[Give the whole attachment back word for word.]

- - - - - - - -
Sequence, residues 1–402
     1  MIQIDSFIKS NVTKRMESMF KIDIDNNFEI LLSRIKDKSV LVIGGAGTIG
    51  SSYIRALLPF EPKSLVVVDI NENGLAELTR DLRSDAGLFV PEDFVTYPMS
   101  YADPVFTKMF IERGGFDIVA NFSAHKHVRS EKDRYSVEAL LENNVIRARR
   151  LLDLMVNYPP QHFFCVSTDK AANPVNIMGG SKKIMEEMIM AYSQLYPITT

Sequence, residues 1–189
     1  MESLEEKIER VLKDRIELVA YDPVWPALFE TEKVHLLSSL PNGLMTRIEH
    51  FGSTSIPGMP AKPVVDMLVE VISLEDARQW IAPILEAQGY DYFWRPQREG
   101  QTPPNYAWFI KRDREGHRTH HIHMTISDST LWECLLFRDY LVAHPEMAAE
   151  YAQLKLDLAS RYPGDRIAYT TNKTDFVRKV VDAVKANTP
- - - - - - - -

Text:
Sequence, residues 1–402
     1  MIQIDSFIKS NVTKRMESMF KIDIDNNFEI LLSRIKDKSV LVIGGAGTIG
    51  SSYIRALLPF EPKSLVVVDI NENGLAELTR DLRSDAGLFV PEDFVTYPMS
   101  YADPVFTKMF IERGGFDIVA NFSAHKHVRS EKDRYSVEAL LENNVIRARR
   151  LLDLMVNYPP QHFFCVSTDK AANPVNIMGG SKKIMEEMIM AYSQLYPITT

Sequence, residues 1–189
     1  MESLEEKIER VLKDRIELVA YDPVWPALFE TEKVHLLSSL PNGLMTRIEH
    51  FGSTSIPGMP AKPVVDMLVE VISLEDARQW IAPILEAQGY DYFWRPQREG
   101  QTPPNYAWFI KRDREGHRTH HIHMTISDST LWECLLFRDY LVAHPEMAAE
   151  YAQLKLDLAS RYPGDRIAYT TNKTDFVRKV VDAVKANTP